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Hiding a bare leylandi hedge

Livvy2Livvy2 Posts: 2

When we moved to our house we cut back the laurel hedge bordering our neighbours as they had grown upto 20+ feet into messy trees spilling out in every direction. We then discovered a row of leylandi behind it which were obviously totally bare and at least 20 feet high also. We were trying to grow the laurels back into a neat hedge and also hide some of the bare leylandi. The laurels were growing nicely and had reached about 3 foot when the neighbours razored them down and put up a 6 foot fence. We now have this fence and above it the awful bare branches of leylandi. The fence follows the slope of the garden but the leylandi have been cut totally square at the top so the leylandi hedge seems taller one side than the other. My question is what can I plant in front to hide the bare stems. It is a very narrow clay area with not a lot of good soil and gets about 2-3 hours of early morning sun. I don't think a climber would work as the neighbours are funny about stuff trespassing their border. They also refuse to cut the height down.


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  • ObelixxObelixx Posts: 29,088

    I agree.  Put up your own posts and trellis on your side of the fence and thus on your land.    Widen your border if you can but certainly improve the soil with loads and loads of well rotted manure/garden compost/soil improver - available in bags from good DIY stores - and then plant a new hedge of your choosing or maybe a mix of roses/clematis/honeysuckle for colour and perfume and attracting wildlife.

    As Buttercup says, there are rules about hedge heights between neighbours so follow those links.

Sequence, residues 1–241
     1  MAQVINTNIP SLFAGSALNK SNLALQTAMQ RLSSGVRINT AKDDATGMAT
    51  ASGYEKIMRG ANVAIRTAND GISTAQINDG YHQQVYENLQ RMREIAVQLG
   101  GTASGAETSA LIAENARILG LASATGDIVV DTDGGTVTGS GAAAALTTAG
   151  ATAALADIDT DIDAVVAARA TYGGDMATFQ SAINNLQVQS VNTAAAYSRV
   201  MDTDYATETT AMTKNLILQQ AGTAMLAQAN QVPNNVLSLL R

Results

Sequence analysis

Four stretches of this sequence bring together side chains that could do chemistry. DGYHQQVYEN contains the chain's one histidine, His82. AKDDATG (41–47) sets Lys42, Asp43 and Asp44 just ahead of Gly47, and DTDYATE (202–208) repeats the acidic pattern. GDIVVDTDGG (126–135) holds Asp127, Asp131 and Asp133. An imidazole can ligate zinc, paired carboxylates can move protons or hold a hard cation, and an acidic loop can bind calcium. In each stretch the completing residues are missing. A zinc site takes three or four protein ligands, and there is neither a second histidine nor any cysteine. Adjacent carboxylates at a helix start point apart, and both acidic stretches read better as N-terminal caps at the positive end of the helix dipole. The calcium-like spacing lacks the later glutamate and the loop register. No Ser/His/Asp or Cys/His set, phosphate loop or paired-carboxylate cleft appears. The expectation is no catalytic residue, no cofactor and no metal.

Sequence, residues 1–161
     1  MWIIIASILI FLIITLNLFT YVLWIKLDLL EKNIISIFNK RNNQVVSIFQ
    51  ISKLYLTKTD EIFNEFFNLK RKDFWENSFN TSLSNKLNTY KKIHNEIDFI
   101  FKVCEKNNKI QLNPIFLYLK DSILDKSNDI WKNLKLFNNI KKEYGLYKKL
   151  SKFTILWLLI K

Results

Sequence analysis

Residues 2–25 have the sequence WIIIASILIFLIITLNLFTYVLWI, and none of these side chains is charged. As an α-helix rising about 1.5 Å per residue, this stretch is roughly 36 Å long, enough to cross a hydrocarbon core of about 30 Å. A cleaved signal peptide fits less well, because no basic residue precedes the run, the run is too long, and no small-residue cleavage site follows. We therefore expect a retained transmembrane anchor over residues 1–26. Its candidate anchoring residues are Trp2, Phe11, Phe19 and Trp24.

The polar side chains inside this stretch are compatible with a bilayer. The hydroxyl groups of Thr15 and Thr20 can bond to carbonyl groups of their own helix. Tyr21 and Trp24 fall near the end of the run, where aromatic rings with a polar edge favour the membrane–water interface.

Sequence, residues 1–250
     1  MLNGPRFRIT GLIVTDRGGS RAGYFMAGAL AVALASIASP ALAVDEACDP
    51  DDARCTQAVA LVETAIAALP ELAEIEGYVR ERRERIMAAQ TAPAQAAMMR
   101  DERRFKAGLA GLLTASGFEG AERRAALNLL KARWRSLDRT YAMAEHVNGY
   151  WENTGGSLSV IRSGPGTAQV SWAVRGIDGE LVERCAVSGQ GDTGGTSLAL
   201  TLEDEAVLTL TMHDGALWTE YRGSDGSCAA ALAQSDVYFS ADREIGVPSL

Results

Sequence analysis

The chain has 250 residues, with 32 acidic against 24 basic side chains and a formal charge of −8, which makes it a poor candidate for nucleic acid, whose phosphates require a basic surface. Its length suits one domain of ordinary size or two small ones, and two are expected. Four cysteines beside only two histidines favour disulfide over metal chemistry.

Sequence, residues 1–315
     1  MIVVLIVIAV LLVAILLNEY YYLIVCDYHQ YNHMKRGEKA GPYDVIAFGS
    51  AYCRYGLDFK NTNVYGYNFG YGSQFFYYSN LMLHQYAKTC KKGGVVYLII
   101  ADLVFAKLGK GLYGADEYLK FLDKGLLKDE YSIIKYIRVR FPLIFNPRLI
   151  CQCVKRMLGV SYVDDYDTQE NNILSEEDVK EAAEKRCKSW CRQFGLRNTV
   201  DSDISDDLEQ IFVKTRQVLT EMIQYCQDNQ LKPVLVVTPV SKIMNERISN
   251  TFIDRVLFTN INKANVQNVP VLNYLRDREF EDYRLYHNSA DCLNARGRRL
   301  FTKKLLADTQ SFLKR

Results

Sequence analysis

Good luck.

    Vendée - 20kms from Atlantic coast.
    "We don't stop playing because we grow old; we grow old because we stop playing." - George Bernard Shaw
  • Livvy2Livvy2 Posts: 2

    Thanks for the information. The neighbours actually look at the green side of the leylandi and the fence is behind the trees so they do not see any of the bare branches  or the fence.  We will certainly try to improve the quality of the soil but will the leylandi roots make it too dry for anything to grow well. Unfortunately we have been embroiled in an old boundary dispute that went to court by the previous owners and our attempts at conversation are in vain but we will persevere. We just need something that can hopefully grown quite tall at a decent speed to detract from the unsightly mess.

  • IamweedyIamweedy Posts: 1,364

    Grow a strong growing rose such as Rambling Rector up into the stumps or/and  a vigourous clematis Montana over them.

    When we moved in the neighbours at the two other gardens involved  planted B leyandii. that was about 29 yrs ago. The newer neighbours on the right have just cut back his leylandii to about 5ft above our existing fence. Because the garden dips at the bottom on bothe sides this is reasonable and we are really pleased. There is now a lot more skylight for both of us. 

    These trees are really an abomination in any urban garden and I feel  for you. I am now growing the trees named above into the stumps. We cleared the over hang on our side to replace some fencing and cut down all the overhang. Gulp!

    'You must have some bread with it me duck!'

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  • DovefromaboveDovefromabove Posts: 83,719
    Livvy2 says:

    ... but will the leylandi roots make it too dry for anything to grow well. ...

     I certainly think so - I would either put all my efforts into friendly overtures with the NDN in order to come up with a solution agreeable to all


    Erect a sturdy fence on your side of the boundary and move on.

    Good luck image

    Gardening in Central Norfolk on improved gritty moraine over chalk ... free-draining.

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  • IamweedyIamweedy Posts: 1,364

    Further to my previous post up thread on Leylandii in August. The neighbour on the left side of the bottom border have just had their leylandii reduced about 5ft to match the ones on the right of the holly tree.

    I heard a chain saw powering up as I left to do my shopping and when I had got home I saw they had been reduced most of their hedge as well. I sat on my garden bench and watched the transfomation. I have been smiling all afternoon.


    'You must have some bread with it me duck!'

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